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Fueling up while running is tricky. You need calories and nutrients to sustain your effort, but your food has to be highly portable and easy to eat on the move. You can’t exactly tote a bagel and schmear with you on your run. Running gels —single-serving packets filled with a nutrient-dense flavored gel — make it much easier to carry the calories you need during long runs and marathons. Determining the best running gels for you is a highly personal process, but there are tons of options available. No matter what flavors you crave while jogging (caramel macchiato or salted watermelon?) or what your dietary needs are, we found the best running gels that’ll work for you.
Best Overall: Gu Original Energy Gel
Long-lasting Energy: Fastfood Galacto-Gel
Neutral Flavor: Maurten
No Need for Water: SIS Go Isotonic Energy Gels
Simple Ingredients: Muir Energy Gels
Best Caffeinated Gels: SIS Go Energy + Caffeine Gels
Sugar-Free: UCAN Edge
Best Electrolyte Boost: Hüma Energy Gels Plus
Most Versatile: Honey Stinger Gold Energy Gel
Things to Consider
Running gels, also called energy gels, deliver a concentrated dose of carbohydrates, usually in the form of simple sugars that are easily absorbed by the body. Fructose and glucose are two common sugars used in running gels. The gels are formulated to maintain your levels of glycogen, which is your body’s main form of stored energy. (It’s created when you digest carbohydrates from food.) Here are some key factors to consider when choosing which running gels to buy.
Nutrition Facts: Always read the Nutrition Facts label to compare specific running gels, as this label will tell you which nutrients, and how much of them, a gel contains. Since most gels are mainly carbohydrates, focus on the carbohydrates figure, which is listed in grams. The more carbs a gel has, the more energy it will provide you.
Electrolytes and Caffeine: In addition to carbs, many running gels offer other additives to help boost your performance. Some include electrolytes to help replace the minerals (like sodium and potassium) you release while sweating — these gels can be helpful if you won’t have access to an electrolyte-filled sports drink while running. Other gels include caffeine (anywhere from 20 milligrams to 100 milligrams or more) for an extra jolt of energy and improved mental alertness.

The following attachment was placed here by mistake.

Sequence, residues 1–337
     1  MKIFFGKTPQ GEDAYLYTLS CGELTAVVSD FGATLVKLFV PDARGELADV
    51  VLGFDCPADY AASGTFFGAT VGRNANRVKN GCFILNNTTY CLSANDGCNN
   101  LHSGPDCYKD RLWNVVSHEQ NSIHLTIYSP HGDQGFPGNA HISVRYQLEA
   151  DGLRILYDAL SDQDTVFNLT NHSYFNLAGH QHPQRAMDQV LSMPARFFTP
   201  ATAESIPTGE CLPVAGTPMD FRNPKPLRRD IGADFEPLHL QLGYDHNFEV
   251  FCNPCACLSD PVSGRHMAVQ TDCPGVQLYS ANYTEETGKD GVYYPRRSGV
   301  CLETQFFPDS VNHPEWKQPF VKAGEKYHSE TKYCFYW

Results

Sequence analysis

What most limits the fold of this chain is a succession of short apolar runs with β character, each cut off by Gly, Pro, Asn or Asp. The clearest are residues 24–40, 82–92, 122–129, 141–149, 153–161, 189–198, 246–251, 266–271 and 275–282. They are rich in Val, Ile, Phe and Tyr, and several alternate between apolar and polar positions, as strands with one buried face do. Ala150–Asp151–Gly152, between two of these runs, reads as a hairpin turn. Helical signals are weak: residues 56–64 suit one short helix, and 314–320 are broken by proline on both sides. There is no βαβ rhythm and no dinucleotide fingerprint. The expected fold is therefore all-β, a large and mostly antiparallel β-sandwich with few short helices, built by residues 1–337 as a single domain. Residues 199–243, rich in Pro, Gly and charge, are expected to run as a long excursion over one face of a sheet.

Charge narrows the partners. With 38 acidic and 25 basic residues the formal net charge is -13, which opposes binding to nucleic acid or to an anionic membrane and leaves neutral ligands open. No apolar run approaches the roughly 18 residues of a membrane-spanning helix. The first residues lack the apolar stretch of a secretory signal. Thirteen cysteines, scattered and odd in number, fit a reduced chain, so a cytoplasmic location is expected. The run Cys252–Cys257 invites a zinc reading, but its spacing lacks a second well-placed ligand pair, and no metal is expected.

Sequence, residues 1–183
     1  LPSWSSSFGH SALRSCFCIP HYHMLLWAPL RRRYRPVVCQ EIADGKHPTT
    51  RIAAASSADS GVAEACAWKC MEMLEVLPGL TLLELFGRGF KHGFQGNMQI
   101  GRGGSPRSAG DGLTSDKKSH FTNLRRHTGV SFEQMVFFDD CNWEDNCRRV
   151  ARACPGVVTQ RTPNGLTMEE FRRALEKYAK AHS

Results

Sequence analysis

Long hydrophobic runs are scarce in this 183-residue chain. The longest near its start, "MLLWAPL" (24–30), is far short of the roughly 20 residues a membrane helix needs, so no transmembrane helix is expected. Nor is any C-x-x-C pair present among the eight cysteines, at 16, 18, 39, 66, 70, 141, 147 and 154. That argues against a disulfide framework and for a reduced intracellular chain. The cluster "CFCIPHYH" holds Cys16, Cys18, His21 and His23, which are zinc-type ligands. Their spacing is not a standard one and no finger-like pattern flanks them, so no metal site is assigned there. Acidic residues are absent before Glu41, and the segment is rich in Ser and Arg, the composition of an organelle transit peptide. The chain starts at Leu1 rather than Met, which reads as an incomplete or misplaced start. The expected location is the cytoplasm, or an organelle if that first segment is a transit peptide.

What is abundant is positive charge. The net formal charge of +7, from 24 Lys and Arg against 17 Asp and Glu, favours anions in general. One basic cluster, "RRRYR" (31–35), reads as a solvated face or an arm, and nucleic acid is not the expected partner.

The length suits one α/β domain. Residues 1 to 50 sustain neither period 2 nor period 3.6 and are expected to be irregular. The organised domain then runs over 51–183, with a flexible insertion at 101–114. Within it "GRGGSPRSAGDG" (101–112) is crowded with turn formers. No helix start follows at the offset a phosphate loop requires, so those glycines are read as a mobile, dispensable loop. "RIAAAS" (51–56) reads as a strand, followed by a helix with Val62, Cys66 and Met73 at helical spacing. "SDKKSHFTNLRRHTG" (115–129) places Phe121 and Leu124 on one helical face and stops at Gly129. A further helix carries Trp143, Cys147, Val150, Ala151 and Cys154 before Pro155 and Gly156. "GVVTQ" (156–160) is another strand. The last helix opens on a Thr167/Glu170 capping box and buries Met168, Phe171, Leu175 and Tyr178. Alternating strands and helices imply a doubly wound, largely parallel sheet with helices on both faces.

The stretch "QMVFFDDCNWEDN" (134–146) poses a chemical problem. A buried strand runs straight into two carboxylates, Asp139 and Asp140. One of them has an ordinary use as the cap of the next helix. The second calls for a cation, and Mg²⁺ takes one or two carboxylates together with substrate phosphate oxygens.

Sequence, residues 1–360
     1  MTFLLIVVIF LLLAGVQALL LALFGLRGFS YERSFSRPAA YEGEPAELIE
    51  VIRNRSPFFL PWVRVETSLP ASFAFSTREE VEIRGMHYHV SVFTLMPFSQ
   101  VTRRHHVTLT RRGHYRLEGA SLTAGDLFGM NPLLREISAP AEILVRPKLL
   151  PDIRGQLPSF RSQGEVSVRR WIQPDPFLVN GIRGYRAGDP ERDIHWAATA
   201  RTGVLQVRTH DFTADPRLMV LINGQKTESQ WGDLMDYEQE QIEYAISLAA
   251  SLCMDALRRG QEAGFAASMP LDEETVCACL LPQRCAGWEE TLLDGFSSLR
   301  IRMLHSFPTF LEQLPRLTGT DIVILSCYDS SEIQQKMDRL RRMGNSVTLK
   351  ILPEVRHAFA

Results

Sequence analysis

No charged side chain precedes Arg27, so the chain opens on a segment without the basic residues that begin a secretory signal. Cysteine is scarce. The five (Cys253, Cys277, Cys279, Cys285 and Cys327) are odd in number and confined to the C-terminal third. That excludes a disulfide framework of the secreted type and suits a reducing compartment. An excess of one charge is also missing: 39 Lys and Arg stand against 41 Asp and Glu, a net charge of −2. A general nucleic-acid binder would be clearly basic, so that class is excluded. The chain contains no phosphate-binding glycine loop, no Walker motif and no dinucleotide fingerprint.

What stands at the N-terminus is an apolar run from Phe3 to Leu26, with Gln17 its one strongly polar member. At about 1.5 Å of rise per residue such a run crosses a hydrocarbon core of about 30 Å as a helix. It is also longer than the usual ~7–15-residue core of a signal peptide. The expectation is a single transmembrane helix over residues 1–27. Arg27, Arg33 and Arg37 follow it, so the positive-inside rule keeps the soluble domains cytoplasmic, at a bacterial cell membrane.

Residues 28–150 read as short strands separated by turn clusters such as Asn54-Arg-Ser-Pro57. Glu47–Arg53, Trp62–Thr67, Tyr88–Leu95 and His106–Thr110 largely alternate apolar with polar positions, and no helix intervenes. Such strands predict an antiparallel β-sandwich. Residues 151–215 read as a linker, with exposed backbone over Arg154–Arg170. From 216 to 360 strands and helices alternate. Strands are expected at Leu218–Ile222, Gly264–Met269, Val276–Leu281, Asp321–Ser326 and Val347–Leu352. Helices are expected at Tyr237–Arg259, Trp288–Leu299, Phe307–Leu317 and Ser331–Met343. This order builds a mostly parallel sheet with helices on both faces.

When to Use Running Gels: It’s important to note that not every runner needs running gels. They’re only necessary when running for over an hour. If you’re just jogging around the neighborhood, you don’t need to worry about bringing gels, as your body will have enough stored glycogen to sustain you. On long runs, most people need to consume about 50 grams of carbs per hour (that equates to about two gel packets).
Finding the best running gel for you will require trial and error — you won’t know if you like the taste, or if the gel causes an upset stomach until you try it while running. If you’re training for a race, make sure to test out some gels and find one that works for you before race day. You don’t want any surprises out on the course.
This guide highlights popular, well-reviewed running gels that’ll work for a variety of athletes, whether you want all-natural ingredients, unique flavors, or an all-in-one fuel and hydration solution.
Gu Original Energy Gel
GU might be the most well-known running gel on the market, and many runners trust them to stay energized while training and racing — these gels have racked up thousands of positive reviews on Amazon. Each packet contains a mix of maltodextrin and fructose for fast-acting energy (22 grams of carbs total), branched-chain amino acids to reduce muscle fatigue and muscle breakdown, and sodium to replace the electrolytes you lose while sweating. Compared to other options on the market, GU stands out for its huge range of flavors: everything from salted watermelon to birthday cake. Some flavors include caffeine for an extra burst of energy.